December 21, 2017
National Poetry Day in association with Frances Lincoln Children’s Books and Amnesty International UK ran a special competition this year asking children to write a poem inspired by the theme of Freedom, and in particular John Lennon’s song Imagine, which is now the basis for a beautiful picture book, illustrated by Jean Jullien and with a forward by Yoko Ono.
Entries poured in from schools across the UK with over 700 poems submitted. These have now been read by National Poetry Day ambassadors and the winners announced today: they are ten-year old Molly Suggitt a pupil at Appleton Academy, Bradford, and eight-year old Basti Cook who attends Chilmark and Fonthill Bishop Primary School in Salisbury.
As part of their prize, National Poetry Day ambassador and artist Sophie Herxheimer has illustrated Molly and Basti’s winning poems, a very special reward indeed.
‘The winning poems planted direct and unmistakeable images in my mind, as well as showing original and imaginative uses of language’, said Herxheimer, whose book Velkom to Inklandt (Short Books) is one of the bestselling poetry books for Christmas. She adds: ‘Basti Cook made me see the eagle in the poem. Somehow the line ‘very equal gliding’, rhymed so nearly with eagle made me feel I was flying too – symmetrical and aligned, with a vast wingspan, the rhythm of the whole poem had the dipping and soaring of flight.
‘Molly Suggitt’s poem which seemed to be about Noah’s Ark, at the same time conjured images of more contemporary waters, dangerous journeys where a ‘so kind bird’ brings ‘evidence of safety’.
Again there was a lovely sense of scale here, as in these lines: ‘In the treacherous winds/And that one little bird,/ Stopped your heart from sinking.’
‘Both the winning poets chose their words with care and from their own personal imaginations – these poems were thoughtful and spare, thank you for writing them Molly and Basti, keep looking at the world and writing about what you see and feel!’
Poetry workshops with Matt Goodfellow
Molly, as overall winner, has also won a visit to her school by National Poetry Day Ambassador Matt Goodfellow. Andrea Reece, National Poetry Day manager said, ‘We were delighted to work with Frances Lincoln Children’s Books and Amnesty International UK on this competition and it was wonderful to see the children letting their imaginations run free inspired by John Lennon’s immortal words. Matt is looking forward to his visit to Appleton Academy very much; National Poetry Day is all about discovering and sharing poetry, and we know that hearing poets and working with them is one of the best ways to inspire children.’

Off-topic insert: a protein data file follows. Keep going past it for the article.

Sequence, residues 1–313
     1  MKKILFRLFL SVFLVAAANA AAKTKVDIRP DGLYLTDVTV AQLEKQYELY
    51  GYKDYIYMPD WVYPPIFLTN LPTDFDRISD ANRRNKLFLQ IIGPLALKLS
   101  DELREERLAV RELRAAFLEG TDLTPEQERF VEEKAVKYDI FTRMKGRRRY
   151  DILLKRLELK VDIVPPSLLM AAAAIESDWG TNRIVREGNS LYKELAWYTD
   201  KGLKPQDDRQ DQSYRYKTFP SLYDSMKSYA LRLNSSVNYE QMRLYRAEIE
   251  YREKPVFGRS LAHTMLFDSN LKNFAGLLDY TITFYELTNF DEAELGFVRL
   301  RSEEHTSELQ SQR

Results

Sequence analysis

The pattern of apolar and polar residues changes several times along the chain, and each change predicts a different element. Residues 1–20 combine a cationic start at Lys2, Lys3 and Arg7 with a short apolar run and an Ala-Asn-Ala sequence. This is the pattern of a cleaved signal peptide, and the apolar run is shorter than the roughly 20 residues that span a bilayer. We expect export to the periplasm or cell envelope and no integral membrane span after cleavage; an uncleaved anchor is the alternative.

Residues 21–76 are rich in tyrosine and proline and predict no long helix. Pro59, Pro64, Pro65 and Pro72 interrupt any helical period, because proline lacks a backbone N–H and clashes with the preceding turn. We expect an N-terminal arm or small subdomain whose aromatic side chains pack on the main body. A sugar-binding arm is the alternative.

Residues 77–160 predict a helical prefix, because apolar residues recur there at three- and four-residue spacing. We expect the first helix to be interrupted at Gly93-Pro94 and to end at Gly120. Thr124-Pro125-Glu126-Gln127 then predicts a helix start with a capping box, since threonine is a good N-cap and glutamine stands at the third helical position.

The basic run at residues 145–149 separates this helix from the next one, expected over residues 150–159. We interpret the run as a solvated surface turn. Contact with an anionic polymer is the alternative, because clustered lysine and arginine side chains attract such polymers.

Katherine Josselyn of Quarto Frances Lincoln Children’s Books said: ‘All of the poems were fantastically imaginative. The budding poets had thought hard and creatively about the theme of Freedom and how they imagine peace, friendship and unity in their world today, just like the little bird does in the book version of Imagine. We were stunned by the high standard of the entries and look forward to reading more of their poems in the future!’
For further information contact: Annabel Robinson, FMcM Associates t: 020 7405 7422 e: firstname.lastname@example.org
Imagine by Molly Suggitt
Imagine Noah’s Ark,
When the floods came.
Where the so kind bird,
Brought evidence of safety
To the boat carrying two by twos.
Imagine you were there,
In the treacherous winds.
And that one little bird,
Stopped your heart from sinking.
Freedom by Basti Cook
Up in the sky
Up in the sky like an eagle so high
Gliding on the sunlit horizon
Slow steady sliding
Very equal gliding
Over the snow capped mountains
Flying over Everest
Passing hungry bears
Eating little mice
Sighting loads of evergreens
Seeing humans ski.
What else can I seek?
Eyeing herds of icicles
Leaving pale white mountains.
National Poetry Day
National Poetry Day is a mass participation campaign that inspires people to enjoy, discover and share poems. The celebrations fell this year on 28 September. In 2018 National Poetry Day will take place on 4th October and the theme is Change.
National Poetry Day was founded in 1994 by William Sieghart and has engaged millions of people across the country reading, writing and listening to poetry. From 1999 onwards, National Poetry Day has been loosely themed: the theme meant to kickstart inspiration rather than be prescriptive.
National Poetry Day is co-ordinated by Forward Arts Foundation and enjoys the support of the BBC, Arts Council England, the Royal Mail and leading literary and cultural organisations, alongside booksellers, publishers, libraries and schools. The campaign’s reach in 2018 exceeded 520 million.